Media Moves

Coverage: Nestle pays $7.1 billion to sell Starbucks in stores

May 8, 2018

Posted by Chris Roush

starbuckssecondIn the third-biggest transaction in Nestle SA’s 152-year history, the Swiss food giant will spend $7.15 billion for the right to market Starbucks Corp. products from beans to capsules.

Thomas Mulier and Corinne Gretler of Bloomberg News had the story:

Nestle won’t get any physical assets in the deal. Instead, Chief Executive Officer Mark Schneider is harnessing the name recognition of Starbucks, with its 28,000 outlets around the globe and massive draw in the U.S. Nestle has struggled there for years with its own products like Nespresso and Dolce Gusto.

Nestle could use a jolt — sales rose at their weakest pace in more than two decades last year. By entering a marketing pact with Starbucks, the Swiss company is revealing the limits to growing with Nescafe and Nespresso.

“Nestle needed a big brand, and they needed one fast,” said Alain Oberhuber, an analyst at MainFirst Bank in Zurich. “Starbucks is the only strong brand in roast-and-ground. It’s a rather defensive move — a bit late — but nevertheless, a strategically absolutely vital step.”

Lisa Baertlein and Martinne Geller of Reuters reported that Starbucks will use the money for stock buybacks:

Starbucks will use proceeds to increase planned stock buybacks to $20 billion from $15 billion through fiscal 2020. It said the deal would add to earnings per share by 2021.

The agreement also includes Starbucks-branded capsules for Nestle’s Nespresso and Dolce Gusto single-serve brewers, which should help Nestle curb sales of alternatives from other providers.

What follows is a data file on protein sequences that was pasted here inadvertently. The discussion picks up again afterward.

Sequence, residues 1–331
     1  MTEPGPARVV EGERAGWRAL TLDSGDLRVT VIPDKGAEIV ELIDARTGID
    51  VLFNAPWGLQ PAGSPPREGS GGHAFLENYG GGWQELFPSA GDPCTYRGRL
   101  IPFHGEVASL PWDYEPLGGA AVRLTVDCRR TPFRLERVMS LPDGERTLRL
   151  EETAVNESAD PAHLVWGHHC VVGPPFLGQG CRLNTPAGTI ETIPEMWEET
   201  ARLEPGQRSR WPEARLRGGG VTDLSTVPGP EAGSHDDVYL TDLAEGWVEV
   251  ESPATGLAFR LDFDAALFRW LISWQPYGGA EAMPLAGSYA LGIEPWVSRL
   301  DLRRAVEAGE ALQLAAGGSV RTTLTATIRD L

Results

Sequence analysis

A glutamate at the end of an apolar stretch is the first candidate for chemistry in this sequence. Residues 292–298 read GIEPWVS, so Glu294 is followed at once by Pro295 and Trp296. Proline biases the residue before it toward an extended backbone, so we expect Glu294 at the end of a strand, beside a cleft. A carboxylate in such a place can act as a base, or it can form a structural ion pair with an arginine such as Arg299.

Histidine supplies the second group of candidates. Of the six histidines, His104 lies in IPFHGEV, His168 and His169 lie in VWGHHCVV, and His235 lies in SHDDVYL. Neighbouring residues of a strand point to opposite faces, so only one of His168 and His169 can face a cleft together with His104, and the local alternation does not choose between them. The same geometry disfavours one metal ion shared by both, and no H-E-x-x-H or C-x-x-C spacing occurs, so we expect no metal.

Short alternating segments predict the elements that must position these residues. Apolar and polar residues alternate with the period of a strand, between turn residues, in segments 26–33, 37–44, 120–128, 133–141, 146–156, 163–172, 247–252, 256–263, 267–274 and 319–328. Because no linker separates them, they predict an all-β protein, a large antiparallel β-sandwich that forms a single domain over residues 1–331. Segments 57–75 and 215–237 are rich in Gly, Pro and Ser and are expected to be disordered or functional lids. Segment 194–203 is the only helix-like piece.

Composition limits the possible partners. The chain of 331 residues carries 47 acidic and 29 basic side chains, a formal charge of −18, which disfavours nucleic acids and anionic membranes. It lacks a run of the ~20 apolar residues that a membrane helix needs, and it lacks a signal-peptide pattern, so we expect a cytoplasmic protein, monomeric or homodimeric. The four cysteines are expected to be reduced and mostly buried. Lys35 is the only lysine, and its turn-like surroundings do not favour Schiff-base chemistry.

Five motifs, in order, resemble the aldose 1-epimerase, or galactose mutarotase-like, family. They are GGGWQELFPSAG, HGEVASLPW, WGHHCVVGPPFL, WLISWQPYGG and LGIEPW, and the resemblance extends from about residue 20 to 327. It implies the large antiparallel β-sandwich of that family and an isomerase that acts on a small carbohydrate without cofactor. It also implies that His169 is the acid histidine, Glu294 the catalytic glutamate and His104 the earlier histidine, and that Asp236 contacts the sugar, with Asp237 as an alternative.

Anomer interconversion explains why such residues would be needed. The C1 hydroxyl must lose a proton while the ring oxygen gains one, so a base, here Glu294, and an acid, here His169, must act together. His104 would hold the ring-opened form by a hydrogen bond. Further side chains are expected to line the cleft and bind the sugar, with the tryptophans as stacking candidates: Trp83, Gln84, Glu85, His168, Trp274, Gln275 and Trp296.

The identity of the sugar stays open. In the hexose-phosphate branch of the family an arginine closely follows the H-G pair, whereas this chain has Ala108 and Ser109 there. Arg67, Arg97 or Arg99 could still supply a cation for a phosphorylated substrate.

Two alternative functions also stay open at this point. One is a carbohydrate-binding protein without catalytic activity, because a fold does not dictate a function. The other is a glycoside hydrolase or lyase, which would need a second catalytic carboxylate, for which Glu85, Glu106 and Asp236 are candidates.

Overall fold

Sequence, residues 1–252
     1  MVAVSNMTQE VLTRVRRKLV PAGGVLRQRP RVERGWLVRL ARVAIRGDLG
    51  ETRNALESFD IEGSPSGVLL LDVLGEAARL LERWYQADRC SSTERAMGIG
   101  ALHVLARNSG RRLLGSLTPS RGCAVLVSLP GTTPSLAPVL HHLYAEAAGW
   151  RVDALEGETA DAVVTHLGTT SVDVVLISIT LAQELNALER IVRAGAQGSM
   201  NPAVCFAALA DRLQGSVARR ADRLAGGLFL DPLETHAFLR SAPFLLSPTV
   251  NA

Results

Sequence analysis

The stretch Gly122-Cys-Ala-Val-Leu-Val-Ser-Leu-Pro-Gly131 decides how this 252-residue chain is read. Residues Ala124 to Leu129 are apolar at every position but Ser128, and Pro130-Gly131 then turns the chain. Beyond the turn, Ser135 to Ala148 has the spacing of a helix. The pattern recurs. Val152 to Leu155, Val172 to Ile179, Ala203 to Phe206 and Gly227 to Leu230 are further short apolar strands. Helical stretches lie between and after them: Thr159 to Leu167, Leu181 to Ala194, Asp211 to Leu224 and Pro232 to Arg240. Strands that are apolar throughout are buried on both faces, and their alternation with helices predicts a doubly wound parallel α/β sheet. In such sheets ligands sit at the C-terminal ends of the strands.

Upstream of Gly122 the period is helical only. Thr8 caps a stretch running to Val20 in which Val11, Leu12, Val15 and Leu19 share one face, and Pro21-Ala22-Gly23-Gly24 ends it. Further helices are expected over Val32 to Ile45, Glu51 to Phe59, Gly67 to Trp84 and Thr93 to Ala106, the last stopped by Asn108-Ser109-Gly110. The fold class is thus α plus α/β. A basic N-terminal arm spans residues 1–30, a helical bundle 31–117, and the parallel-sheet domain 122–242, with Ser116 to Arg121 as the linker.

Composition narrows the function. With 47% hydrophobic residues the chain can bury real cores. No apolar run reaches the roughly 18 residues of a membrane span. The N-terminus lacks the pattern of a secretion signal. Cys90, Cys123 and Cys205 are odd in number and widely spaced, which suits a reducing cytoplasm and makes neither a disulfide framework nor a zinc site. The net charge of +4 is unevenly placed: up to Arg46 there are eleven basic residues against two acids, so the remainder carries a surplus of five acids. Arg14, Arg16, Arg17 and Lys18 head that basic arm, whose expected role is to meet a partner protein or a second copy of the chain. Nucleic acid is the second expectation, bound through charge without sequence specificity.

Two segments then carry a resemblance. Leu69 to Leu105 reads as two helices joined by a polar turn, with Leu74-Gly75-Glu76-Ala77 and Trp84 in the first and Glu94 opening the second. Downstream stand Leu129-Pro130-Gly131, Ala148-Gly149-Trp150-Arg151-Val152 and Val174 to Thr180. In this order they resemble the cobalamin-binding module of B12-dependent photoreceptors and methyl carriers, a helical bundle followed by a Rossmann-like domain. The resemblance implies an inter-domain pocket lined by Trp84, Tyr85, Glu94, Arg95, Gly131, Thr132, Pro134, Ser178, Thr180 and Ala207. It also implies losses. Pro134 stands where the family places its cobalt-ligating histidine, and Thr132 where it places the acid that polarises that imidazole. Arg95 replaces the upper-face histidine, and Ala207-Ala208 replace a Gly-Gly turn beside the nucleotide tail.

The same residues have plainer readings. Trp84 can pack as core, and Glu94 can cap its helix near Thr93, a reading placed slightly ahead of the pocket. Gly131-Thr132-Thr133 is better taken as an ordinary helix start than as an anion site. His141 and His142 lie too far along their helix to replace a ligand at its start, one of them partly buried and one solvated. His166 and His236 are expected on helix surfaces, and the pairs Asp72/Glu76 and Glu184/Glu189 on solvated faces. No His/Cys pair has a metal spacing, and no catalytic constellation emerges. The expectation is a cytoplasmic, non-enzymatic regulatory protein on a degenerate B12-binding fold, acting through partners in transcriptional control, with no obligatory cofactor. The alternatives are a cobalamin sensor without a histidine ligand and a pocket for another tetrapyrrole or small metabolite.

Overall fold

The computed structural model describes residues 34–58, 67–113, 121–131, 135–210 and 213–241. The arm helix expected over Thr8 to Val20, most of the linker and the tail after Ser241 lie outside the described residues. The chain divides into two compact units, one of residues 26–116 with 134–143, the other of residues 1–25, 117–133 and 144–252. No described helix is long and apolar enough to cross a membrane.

Nestle expects the alliance to add to its earnings by 2019. It did not alter share buyback plans.

In addition to the cash payment, Starbucks will receive revenue from product sales and royalties.

“This global coffee alliance will bring the Starbucks experience to the homes of millions more around the world through the reach and reputation of Nestle,” said Starbucks Chief Executive Kevin Johnson, calling the arrangement a brand amplifier.

Richard Kestenbaum of questioned the long-term success of the deal:

The market sees all this opportunity and likes it. Both stocks are up on the announcement. I see it too and believe they are going to see growth from the deal in both companies. At the same time however, I am scratching my head. I have a few reasons for feeling this way.

This deal is a licensing model and that’s counter-trend. It’s not what the world wants right now. What consumers want now are brands that are communicating their value directly to consumers. That is why so many direct-to-consumer brands are displacing brands sold only through multi-brand retailers. You may ask, “How will consumers know the difference?” What happens in deals like this is that incentives for supporting the brand start to diverge. If you’re Nestlé, you care about selling more coffee. It’s not that Nestlé would do anything to purposely hurt Starbucks. I don’t believe they’d do that. But they have less of an incentive to defend the brand, to keep its position secure, to be creative about how to advance the brand’s position. They have a big incentive to push out as much coffee into the channel regardless of what that does to the brand.

Look at the last such deal that Starbucks did with Kraft. That deal unwound because Starbucks accused Kraft of mismanaging the brand and breaching their contract. In the end, Starbucks had to pay Kraft over $2 billion to settle and end their arrangement.

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